I let myself into the fenced enclosure and saw that one plant toward the west end had tipped over northward, filling the aisle between the two planters. Uh-oh. Looked strangely healthy nevertheless. Its tomato cage was bent way out at the south end, and there was no way to work it back in without hearing the sounds of crunching and tearing. So I propped the plant up as best I could by grabbing some short round posts my neighbor had lying around and using them as struts under one of the lower crossrings in the tomato cage. It's very shaky, but it was the best I could do at the time. It's not my garden, so I don't feel comfortable rigging up anything more complicated or permanent at the moment. The neighbor's not home right now, but his wife said he'll be back in a few hours. I'll call later and hopefully we can do something that works, and in the process not tear up the plants. The one right next to it got pulled down a bit too, and that may be going down next. Uh oh times 2 ...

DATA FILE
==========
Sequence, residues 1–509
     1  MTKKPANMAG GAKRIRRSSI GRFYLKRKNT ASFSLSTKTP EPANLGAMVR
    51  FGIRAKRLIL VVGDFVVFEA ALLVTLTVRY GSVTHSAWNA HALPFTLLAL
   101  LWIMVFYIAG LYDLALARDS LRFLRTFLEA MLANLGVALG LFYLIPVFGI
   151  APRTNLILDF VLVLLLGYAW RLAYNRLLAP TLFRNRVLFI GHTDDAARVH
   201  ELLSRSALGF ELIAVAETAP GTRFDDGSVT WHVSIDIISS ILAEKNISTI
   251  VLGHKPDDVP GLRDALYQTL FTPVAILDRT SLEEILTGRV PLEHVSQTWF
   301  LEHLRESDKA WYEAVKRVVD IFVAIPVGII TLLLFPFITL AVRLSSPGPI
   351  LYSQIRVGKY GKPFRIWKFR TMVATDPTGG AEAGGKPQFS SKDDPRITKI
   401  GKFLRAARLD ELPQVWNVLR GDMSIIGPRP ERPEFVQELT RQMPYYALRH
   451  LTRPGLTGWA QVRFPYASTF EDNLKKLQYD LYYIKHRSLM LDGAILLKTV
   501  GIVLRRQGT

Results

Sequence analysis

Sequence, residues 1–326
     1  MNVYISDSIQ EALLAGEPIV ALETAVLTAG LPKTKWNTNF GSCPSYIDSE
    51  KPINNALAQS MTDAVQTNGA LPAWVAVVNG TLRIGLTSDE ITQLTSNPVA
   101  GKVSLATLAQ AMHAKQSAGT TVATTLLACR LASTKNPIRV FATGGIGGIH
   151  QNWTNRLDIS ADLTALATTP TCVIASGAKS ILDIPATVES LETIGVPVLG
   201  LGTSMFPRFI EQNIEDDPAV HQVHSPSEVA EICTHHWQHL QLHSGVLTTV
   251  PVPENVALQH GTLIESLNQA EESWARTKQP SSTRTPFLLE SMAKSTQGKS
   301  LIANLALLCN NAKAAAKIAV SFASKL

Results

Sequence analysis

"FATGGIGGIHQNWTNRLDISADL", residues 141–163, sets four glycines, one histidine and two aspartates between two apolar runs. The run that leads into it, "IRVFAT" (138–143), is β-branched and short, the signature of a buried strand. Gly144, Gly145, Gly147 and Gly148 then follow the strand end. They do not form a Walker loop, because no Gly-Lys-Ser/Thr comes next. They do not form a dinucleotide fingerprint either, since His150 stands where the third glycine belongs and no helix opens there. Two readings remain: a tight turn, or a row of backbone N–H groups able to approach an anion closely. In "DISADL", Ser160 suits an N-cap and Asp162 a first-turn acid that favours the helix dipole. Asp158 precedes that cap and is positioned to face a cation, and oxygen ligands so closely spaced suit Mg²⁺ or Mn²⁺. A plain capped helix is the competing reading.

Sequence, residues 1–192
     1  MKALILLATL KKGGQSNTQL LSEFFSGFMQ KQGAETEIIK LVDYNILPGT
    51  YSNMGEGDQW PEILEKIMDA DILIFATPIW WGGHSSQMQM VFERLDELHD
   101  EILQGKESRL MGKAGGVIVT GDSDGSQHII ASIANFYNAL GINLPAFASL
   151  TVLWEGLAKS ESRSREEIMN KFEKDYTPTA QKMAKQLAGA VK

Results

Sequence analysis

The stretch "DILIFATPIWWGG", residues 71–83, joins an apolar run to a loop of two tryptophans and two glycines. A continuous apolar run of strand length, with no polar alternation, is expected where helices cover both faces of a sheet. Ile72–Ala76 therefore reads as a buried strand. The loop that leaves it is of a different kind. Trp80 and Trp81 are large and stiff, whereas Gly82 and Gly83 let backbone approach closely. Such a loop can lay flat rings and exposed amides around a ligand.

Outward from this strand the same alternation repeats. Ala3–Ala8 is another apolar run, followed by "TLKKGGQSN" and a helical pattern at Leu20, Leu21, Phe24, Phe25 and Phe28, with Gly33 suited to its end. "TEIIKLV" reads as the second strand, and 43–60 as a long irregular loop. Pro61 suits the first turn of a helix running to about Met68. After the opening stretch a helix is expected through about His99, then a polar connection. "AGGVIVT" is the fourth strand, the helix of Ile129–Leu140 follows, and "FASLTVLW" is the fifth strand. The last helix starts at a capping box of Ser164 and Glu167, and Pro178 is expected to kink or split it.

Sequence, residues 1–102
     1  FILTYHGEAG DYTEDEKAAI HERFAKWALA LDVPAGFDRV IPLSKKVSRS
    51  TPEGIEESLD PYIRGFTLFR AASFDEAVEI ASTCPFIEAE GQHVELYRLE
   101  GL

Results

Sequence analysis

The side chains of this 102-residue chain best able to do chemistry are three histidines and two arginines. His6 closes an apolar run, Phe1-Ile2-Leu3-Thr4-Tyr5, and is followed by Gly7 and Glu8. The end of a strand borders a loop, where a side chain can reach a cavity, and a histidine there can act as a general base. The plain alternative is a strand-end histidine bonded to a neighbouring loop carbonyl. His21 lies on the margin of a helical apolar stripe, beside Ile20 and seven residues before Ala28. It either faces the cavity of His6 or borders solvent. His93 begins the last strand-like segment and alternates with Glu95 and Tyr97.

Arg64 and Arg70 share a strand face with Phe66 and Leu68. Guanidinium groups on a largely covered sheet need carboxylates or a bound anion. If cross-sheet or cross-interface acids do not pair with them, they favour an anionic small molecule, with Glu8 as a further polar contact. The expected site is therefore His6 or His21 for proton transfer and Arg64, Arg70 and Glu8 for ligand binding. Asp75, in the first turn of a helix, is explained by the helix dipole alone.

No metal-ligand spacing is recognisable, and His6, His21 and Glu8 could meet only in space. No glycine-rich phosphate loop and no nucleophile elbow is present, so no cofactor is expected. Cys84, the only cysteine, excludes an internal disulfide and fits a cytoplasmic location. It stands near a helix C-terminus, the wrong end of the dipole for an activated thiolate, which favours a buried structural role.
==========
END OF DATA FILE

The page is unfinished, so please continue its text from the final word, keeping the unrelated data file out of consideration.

Gathered more tomatillos, malabar spinach, a few paste tomatoes, and lots of basil. I'm not sure how heavily to cut the basil, or exactly how. I've seen it recommended here and elsewhere that you cut above a node, which promotes bushiness below ... but what do you do then with that bushiness but cut it off? My basils are getting fat and sprawling and it seems like it's time to do more than just trim the tops. There are so many leaves on the bottom, and if I don't harvest them, they'll just fall off eventually anyway.